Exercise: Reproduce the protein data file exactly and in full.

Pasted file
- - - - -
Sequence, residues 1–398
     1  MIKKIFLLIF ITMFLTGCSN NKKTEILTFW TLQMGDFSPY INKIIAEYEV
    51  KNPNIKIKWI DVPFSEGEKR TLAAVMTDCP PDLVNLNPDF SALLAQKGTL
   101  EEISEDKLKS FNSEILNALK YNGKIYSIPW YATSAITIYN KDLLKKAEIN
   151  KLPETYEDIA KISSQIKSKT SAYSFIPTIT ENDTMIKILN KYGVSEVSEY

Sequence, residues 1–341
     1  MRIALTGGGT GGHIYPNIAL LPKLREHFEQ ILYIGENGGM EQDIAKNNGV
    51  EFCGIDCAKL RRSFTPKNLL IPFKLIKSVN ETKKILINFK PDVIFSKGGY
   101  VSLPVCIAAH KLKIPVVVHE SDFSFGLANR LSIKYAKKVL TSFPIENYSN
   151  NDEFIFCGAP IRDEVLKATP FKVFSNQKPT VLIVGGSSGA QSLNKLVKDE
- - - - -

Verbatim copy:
Sequence, residues 1–398
     1  MIKKIFLLIF ITMFLTGCSN NKKTEILTFW TLQMGDFSPY INKIIAEYEV
    51  KNPNIKIKWI DVPFSEGEKR TLAAVMTDCP PDLVNLNPDF SALLAQKGTL
   101  EEISEDKLKS FNSEILNALK YNGKIYSIPW YATSAITIYN KDLLKKAEIN
   151  KLPETYEDIA KISSQIKSKT SAYSFIPTIT ENDTMIKILN KYGVSEVSEY

Sequence, residues 1–341
     1  MRIALTGGGT GGHIYPNIAL LPKLREHFEQ ILYIGENGGM EQDIAKNNGV
    51  EFCGIDCAKL RRSFTPKNLL IPFKLIKSVN ETKKILINFK PDVIFSKGGY
   101  VSLPVCIAAH KLKIPVVVHE SDFSFGLANR LSIKYAKKVL TSFPIENYSN
   151  NDEFIFCGAP IRDEVLKATP FKVFSNQKPT VLIVGGSSGA QSLNKLVKDE